You do know how to calculate the minimum distance (=free distance?) of a convolutional code? Cut the first edge from the zero state to the zero state (to disallow the all zeros word), and run Viterbi (but counting the weight, or distance to the all zero word) to the point, where all the states have surviving minimal path of weight at least the weight of the surviving path back to the zero state. I guess this can be tweaked to cover your simplest case of a single parity check bit. Essentially now the "legal" inputs to the convolutional encoder are all the even weight sequences. So in the above algorithm we need to double the state complexity as follows. For each state we maintain two penalties: one for paths of an odd input weight and another for even input weights. Then when you run an iteration of Viterbi algorithm you match the parities according to the value of the new input bit. The stopping condition now applies to both variants of the penalty function, but comparisons are to be made only to the penalty of even input weight paths leading to the zero state.

It should be possible to also enumerate words corresponding to even input weights by a suitable variant of the transfer function or some such generating function.

How to decode? The first possibility that comes to mind is to replace the usual Viterbi algorithm with soft-output Viterbi algorithm (aka SOVA) that outputs, not the most likely path, but instead probabilities for each individual bits (often written as log-likelihood-ratios $LLR_i=\ln (P(b_i=0)/P(b_i=1))$, but that may not be needed here). Then if the sequence of bit values corresponding to the more likely choice has an even weight, you accept that. If that sequence has an odd weight, you flip the least reliable bit.

[Edit:] Arrgh! I only noticed after rereading that you were interested in tailbiting codes. The above method for calculating the minimum Hamming weight no longer works. There may be too many pseudocodewords. I'm sure that some algorithms have been developed to attack this, but cannot describe one. The decoding, surprisingly, may not be affected too much by tailbiting. I would begin by studying the sections on tailbiting convolutional codes in Johannesson & Zigangirov's book.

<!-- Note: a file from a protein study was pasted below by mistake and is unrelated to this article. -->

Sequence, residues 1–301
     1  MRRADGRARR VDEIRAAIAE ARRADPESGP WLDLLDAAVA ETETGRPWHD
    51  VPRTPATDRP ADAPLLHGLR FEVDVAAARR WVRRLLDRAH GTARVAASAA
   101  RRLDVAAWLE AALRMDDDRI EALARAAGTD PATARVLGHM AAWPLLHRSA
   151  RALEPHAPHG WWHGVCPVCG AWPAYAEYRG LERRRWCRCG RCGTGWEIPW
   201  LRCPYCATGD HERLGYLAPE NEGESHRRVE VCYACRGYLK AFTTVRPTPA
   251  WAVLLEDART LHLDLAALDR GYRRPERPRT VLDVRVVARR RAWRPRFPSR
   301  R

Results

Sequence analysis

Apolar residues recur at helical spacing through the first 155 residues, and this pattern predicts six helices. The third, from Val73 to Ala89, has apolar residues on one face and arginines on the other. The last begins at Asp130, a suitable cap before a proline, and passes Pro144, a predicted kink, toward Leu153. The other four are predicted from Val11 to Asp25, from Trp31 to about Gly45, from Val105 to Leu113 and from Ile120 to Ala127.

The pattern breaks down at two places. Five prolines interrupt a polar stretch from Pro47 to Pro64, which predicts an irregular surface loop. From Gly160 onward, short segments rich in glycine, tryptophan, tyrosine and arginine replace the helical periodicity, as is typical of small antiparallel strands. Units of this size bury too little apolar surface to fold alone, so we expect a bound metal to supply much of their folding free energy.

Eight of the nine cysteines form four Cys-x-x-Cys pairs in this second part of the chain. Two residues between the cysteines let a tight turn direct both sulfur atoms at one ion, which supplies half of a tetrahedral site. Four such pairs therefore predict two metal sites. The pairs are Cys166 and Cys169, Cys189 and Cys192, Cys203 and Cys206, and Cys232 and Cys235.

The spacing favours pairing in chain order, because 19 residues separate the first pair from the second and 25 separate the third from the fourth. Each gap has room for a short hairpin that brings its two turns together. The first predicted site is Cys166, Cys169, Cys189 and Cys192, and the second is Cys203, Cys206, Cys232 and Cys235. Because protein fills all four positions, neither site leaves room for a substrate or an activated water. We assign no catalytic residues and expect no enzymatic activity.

• $\begingroup$ If you use a more complicated CRC (not just a single parity bit), then decoding may become quite complex. An appealing solution then would be to use, instead of a standarda CRC, a suitable error-correcting block code, like a BCH-code. The BCH-code will then correct a couple of residual bit errors (if any), and decoding failure will give a very satisfactory certificate about the correctness of the data. IOW the BCH-code would act as both an error-correcting code and as an error-detecting code. $\endgroup$ Jul 10 '12 at 8:33
  • $\begingroup$ @Jyrki Lahtonen Thank you very much ! Let me think. Well, actually my CRC is not so simple - it is 24dat+16CRC given by g= x^16+x^12+x^5+1, can something be done in this case ? PS I wrote this comment before yours comment appeared :) $\endgroup$ Jul 10 '12 at 8:36
  • $\begingroup$ What is "IOW" ? $\endgroup$ Jul 10 '12 at 8:37
  • $\begingroup$ IOW="In other words". $\endgroup$ Jul 10 '12 at 9:17
  • $\begingroup$ Are you stuck with that CRC-polynomial? Is that really the recommended CRC for short data segments like this? As you are planning on using the CRC-bits, at least partly, for error-correction as well, a case can be made for using a generator polynomial of a suitable cyclic code. But in either case, I don't see an efficient way of using soft inputs, and would just use a hard decision decoder on the output of plain Viterbi (cannot use SOVA). The trellis representations of mid-rate codes such as this have a tendency to blow up on your face in terms of complexity. $\endgroup$ Jul 10 '12 at 9:34